New light shiningReview by MARTIN SPICE
Lost Light Author: Michael Connelly Publisher: Orion
FOLLOWERS of Michael Connelly’s consistently excellent crime novels featuring Harry Bosch will be pleased to hear that in Connelly’s latest offering, Lost Light, Bosch has been re-invented.
At the end of the last instalment in Bosch’s messy and fraught career, he finally earns his reinstatement in the Robbery-Homicide Division of the Los Angeles Police Department (LAPD). As the pages of Chasing the Dime close, Bosch seems destined to return to the operations that had made his name. And then Connelly plays his wild card. Bosch is back in Robbery and Homicide – but before he even moves desks, Bosch is out, this time by his own choice. Weary of the game, Bosch just walks away from it.
It was an unnerving moment for his fans. Harry Bosch – retired? They need not have feared. Connelly’s great creation was merely biding his time before being re-incarnated as that most traditional of Los Angeles crime fighters, the private detective.
Angella Benton is dead, killed in what appeared to be a sex crime. But something about the positioning of the body, and particularly the positioning of the imploring hands, always struck Bosch as false. Sure, the trappings of the crime scene were right but the feel of it was wrong. For years, Bosch had felt that this was a scene that was designed to look like a sex crime, a scene that had been arranged to mislead and to disguise the real events and their real motives. In short, it was staged, a piece of play-acting.
And where better for such events to lead than Hollywood?
The gates of Alexander Taylor’s drive are open when Bosch drives in, and his front door is opened by the box-office champion himself. No maids, no flunkeys ? just Bosch with a clean shave in his twelve-hundred-dollar suit and Taylor in a soft blue running suit that probably cost even more. Bosch has 20 minutes to convince Taylor there are things to be discovered about Angella’s death. By the time he leaves, Taylor has offered Bosch US$50,000 if he solves the case: “Listen to me. I know a good story when I hear it. Detective haunted by the one that got away. It’s a universal theme, tried and true.”
A new story is not Taylor’s only financial interest. One of the films he had in production at the time of Angella’s death lost a cool US$2mil in cash. The money was being used as a prop in the film by a director who insisted on authenticity. It was lost in a murderous heist that ended in a shootout in which at least two people were killed. Angella worked in a lowly position for the film company. Was there, could there possibly be, any connection between the heist and her death?
Slowly but surely Bosch starts to break down the case. But the further he gets, the further others are prepared to go to stop him. These include his old colleagues from LAPD and even the FBI. They believe that the two million dollars were stolen for a terrorist organisation and that, post 9/11, national security is at stake. With varying degrees of threat, Bosch is warned off.
It has to be said that this is not the most original plot handling. The lone detective in conflict with anyone and everyone ? the rebel with a cause ? the lost soul that finds some sort of salvation by becoming an avenging angel ? these are staples of crime fiction. But Connelly is a master of his craft and Bosch is such a convincing creation that he behaves credibly as an individual rather than as a cliché of the genre. Readers who have followed Bosch’s career and cases over the previous eight novels will know the feeling of “Oh no, he’s doing it again” as Bosch digs himself deeper and deeper into trouble.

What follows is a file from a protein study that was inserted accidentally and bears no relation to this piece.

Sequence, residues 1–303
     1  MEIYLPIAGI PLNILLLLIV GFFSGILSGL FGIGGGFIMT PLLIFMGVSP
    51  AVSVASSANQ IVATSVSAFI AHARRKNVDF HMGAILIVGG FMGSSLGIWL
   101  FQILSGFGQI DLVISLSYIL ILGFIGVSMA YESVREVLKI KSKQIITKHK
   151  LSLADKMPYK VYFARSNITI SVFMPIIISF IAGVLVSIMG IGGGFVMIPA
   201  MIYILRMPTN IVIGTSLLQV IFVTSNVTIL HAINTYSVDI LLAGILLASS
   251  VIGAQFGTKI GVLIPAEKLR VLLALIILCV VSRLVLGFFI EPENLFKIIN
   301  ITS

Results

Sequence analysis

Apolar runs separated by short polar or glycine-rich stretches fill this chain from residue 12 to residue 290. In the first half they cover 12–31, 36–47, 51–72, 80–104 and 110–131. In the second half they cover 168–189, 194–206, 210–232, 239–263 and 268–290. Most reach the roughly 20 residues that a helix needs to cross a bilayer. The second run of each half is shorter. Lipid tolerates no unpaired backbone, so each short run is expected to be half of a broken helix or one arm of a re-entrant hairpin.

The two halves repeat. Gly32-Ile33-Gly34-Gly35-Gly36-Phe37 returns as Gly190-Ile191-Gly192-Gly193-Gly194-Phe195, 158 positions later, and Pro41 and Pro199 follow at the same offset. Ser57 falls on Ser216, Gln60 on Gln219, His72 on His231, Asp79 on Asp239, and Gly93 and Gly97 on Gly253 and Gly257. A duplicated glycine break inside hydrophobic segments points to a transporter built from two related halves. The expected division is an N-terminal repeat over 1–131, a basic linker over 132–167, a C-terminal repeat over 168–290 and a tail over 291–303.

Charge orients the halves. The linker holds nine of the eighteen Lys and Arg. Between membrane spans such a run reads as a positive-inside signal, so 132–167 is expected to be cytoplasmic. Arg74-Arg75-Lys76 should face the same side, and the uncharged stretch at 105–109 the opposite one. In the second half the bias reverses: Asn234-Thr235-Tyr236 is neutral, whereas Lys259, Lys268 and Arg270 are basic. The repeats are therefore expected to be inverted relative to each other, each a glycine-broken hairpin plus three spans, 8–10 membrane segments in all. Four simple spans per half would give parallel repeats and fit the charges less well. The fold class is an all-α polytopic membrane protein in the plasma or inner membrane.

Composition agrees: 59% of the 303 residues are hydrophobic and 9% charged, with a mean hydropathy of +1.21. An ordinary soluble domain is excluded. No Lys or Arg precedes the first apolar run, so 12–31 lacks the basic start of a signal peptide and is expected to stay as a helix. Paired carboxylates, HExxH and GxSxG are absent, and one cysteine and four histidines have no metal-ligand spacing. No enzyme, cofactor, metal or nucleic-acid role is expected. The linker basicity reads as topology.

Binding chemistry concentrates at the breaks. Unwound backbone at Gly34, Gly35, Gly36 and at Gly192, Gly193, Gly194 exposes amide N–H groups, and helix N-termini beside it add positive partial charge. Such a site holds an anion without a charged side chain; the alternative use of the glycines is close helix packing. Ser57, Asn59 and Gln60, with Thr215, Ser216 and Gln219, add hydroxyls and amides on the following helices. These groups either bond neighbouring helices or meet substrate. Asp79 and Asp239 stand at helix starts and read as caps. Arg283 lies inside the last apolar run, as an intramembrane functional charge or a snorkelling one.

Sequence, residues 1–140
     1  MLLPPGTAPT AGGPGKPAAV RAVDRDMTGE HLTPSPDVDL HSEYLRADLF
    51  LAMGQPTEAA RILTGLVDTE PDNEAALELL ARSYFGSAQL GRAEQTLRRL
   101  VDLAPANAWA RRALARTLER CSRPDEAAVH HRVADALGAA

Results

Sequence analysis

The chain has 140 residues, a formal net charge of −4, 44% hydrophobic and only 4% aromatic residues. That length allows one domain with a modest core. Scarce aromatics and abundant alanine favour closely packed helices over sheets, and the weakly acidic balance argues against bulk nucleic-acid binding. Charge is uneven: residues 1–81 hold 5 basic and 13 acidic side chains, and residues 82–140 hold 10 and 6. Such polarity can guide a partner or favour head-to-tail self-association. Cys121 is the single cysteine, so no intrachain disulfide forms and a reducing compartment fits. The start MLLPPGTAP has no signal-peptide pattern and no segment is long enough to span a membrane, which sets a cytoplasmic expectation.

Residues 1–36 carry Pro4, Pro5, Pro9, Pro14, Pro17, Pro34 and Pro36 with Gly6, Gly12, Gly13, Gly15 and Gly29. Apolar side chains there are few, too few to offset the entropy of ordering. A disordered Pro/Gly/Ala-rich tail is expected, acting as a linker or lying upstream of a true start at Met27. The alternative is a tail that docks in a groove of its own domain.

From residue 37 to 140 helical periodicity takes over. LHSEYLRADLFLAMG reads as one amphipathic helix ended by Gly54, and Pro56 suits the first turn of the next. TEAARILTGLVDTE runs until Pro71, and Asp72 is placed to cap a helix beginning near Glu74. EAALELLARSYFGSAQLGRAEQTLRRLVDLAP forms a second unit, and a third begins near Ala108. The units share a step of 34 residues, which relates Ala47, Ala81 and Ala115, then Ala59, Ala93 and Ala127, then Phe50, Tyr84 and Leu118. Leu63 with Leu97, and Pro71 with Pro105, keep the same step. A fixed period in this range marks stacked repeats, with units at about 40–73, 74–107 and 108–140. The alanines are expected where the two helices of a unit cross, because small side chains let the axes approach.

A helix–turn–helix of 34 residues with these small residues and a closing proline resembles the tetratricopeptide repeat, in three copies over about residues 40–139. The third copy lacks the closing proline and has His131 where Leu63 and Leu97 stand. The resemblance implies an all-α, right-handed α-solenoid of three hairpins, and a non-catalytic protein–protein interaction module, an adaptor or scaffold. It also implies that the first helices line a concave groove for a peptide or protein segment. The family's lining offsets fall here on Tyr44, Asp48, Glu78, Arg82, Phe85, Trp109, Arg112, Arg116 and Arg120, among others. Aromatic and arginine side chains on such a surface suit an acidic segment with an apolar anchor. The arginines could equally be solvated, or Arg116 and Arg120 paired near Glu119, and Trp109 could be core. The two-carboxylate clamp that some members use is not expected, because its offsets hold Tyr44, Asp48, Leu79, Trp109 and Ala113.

The switch from LAPD to private detective is accompanied by an important switch in style. Gone is the third person narrative of the earlier novels and in its place we have a Philip Marlowe-style first-person narrative.
This works well and allows Connelly to present Bosch’s thinking and feelings more directly to the reader.
For Connelly, it was a challenge to make the change: “I felt the tradition of the private detective novel called for it. It seemed to me that all my favourite PI novels were in the first person and involved the investigator talking directly to the reader. So I wanted to follow that tradition and see how I did. I am always looking for ways to shake things up in the series, to keep it fresh and changing. The only constant I want in the series is change.”
This promises well for the future, marking, as it does, Connelly’s commitment to avoid anything that might look like a re-hashing of old formulae. Certainly, Lost Light is well up to the standard of the previous books in the series. Connelly remains one of the very best crime fiction writers around and has set blisteringly high standards for other writers to emulate.
I detect too, a slightly softer core than I remember previously. A surprise at the end of the book is Bosch’s vulnerability in his dealings with his ex-wife, now a professional gambler at the Las Vegas tables. There is a raw edge to his emotions, a sense of pain and loss that humanises him without diminishing in any way his toughness. The book’s title refers to a revelation at the end of the book of almost mystical intensity and Connelly’s new-found Harry Bosch opens the book with a telling monologue that shifts us into the new territory that author and character go on to explore:
“There is no end of things in the heart ? I am fifty-two years old and I believe it. At night when I try to sleep but can’t, that is when I know it. It is when all the pathways seem to connect and I see the people I have loved and hated and helped and hurt. I see the hands that reach for me. I hear the beat and see and understand what I must do. I know my mission and I know there is no turning away or turning back. And it is in those moments that I know there is no end of things in the heart.”